In 2017, a Counsellors’ and Psychotherapists (Regulation) and Conversion Therapy Bill was introduced, to provide that the Health and Care Professions Council (HCPC) could be the regulatory body. UKCP, BACP, COSRT and others would then relate to the HCPC to regulate their members, but it failed to complete the process in Parliament within the time available. It fell.
This was a pity, as it would have lightened the burden on the organisations.
2019: so where have we got to by way of these steps?
The current situation is that anybody can practice as a counsellor or psychotherapist, whether trained and qualified or not. (Fast rewind to 1983, as outlined in the first paragraph above.) There now exist Voluntary Registers (UKCP, BACP etc) accountable to the Professional Standards Authority. There are codes of Conduct and Complaints Procedures. Apart from that and a lot of hard work and effort by a great many people, nothing has changed. If a therapist or counsellor is removed from a Register for malpractice, they can still continue practising, and give themselves whatever title they like. The titles remain unprotected.
Part of the 5 year Strategy in COSRT is to become a Regulatory Body. This will involve defining who can practice at what level, who can’t, and according to what qualifications. When I was around in UKCP in 2012 at the time they were setting this up, it changed the nature of the organisation from one focussing on member services and communication for public protection and best practice, to one whose priority became regulation. Watch out or the same will happen in COSRT. Currently member services are excellent.
If it works, then maybe “Sex Therapist”, “Psychosexual Therapist” and so on, can become protected titles, and only trained and qualified practitioners will be allowed to use them. Wait and see.
Margaret Ramage – Course Consultant LDPRT
…a more emotive view on regulations
In the early 80s, the major accrediting bodies for counselling often quoted research which stated that there was no qualitative difference in effectiveness between an untrained and inexperienced counsellor and someone with training and decades of experience. Having been in the field for some time now, two things stand out for me: first, which profession, with any pride in what it does, would really state that there is no point in training for the profession or, worse to that effect, that there is no point in professional experience? Secondly, research (often quoted in support of one thing or another) is, not unlike law, an arse. It will evidence, with the greatest of ease, just about anything as long as there is money in it.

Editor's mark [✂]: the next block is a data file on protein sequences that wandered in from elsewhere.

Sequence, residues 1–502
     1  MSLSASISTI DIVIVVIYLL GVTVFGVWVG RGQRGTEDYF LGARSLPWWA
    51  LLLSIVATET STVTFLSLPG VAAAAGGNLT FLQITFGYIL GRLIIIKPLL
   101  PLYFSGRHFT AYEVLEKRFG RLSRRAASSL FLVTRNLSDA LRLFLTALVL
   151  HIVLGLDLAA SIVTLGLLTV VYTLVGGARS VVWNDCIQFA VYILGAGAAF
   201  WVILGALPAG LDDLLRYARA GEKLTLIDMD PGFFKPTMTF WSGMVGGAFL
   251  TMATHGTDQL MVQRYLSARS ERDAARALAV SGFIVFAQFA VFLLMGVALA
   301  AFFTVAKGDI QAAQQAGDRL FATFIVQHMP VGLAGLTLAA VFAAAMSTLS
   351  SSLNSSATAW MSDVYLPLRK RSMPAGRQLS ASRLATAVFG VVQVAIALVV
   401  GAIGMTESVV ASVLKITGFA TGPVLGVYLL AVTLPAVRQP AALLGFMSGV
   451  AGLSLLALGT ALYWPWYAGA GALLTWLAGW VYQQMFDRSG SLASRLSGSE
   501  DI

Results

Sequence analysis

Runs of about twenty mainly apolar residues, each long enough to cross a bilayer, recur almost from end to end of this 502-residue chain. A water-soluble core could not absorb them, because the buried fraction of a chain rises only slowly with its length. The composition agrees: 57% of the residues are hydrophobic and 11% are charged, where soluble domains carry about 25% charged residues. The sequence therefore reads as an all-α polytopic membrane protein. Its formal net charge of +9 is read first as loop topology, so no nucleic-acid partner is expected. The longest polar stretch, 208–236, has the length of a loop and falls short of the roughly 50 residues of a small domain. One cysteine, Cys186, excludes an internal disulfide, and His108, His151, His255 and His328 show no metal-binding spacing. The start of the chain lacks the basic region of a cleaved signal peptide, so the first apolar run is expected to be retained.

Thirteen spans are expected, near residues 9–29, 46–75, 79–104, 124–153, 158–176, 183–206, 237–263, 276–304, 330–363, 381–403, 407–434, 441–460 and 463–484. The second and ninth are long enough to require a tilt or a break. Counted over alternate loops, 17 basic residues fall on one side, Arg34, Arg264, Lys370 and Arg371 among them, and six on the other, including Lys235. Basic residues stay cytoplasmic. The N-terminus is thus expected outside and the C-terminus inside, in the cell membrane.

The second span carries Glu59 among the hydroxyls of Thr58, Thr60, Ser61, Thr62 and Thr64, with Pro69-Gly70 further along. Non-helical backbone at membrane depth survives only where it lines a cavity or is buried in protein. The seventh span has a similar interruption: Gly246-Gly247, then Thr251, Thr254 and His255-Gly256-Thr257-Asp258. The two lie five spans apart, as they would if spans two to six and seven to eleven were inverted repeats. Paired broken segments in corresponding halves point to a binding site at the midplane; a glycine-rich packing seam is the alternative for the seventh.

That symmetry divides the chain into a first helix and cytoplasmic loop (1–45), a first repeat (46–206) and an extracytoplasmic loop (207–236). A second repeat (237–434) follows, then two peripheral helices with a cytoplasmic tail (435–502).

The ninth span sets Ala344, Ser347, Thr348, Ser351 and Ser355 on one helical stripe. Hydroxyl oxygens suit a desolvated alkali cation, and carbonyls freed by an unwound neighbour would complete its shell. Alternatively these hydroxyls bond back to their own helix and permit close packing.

Over the years we have been threatened with a number of issues ranging from data protection to human rights to European standardisation, all resulting in hastily cobbled together defensive legislation or ethical guidance best summarised as in the interest of “customer protection”. Whether it is wise to apply a commercial view in which clients are reduced to ‘customers’ and therapists to ‘service providers to counselling and psychotherapy (see Richard Mowbray in “The Impossible Profession”) I question, – is a client really a customer? – but the threat of having to protect the public keeps being quoted. Brexit, in which the “will of the British people” is quoted in a similar way there seems to be similar process, aiming to increase peoples fear.
Today, three and a half decades after the Rugby Conference and the formation of UKCP we are none the wiser. Are we a profession? If so, why are we so poorly regulated and at best inconsistently. If there is no difference in quality why spend time or money on ScopEd (BACP and UKCP) or on the recent attempt to differentiate levels of experience at COSRT? And what is the point of having different tiers of accreditation if these fall outside of the generally accepted frameworks anyway in terms of training duration and contact hours? Can it really be that a psychotherapist, after an absolute minimum of 4 years of training (900 contact hours) , or a sex and couples therapist trained over 3000 hours in the US, is been credited with the same status, ability and understanding as a ‘therapist’ who obtained their training (over 20 days and 200 contact hours) ? Is everybody really been taught the same competencies over what amounts to less than half the time? Would we base our choice of medical doctor or surgeon on the same criteria?
Bernd Leygraf (LDPRT Course Director. Consultant Psychotherapist, trained since 1978)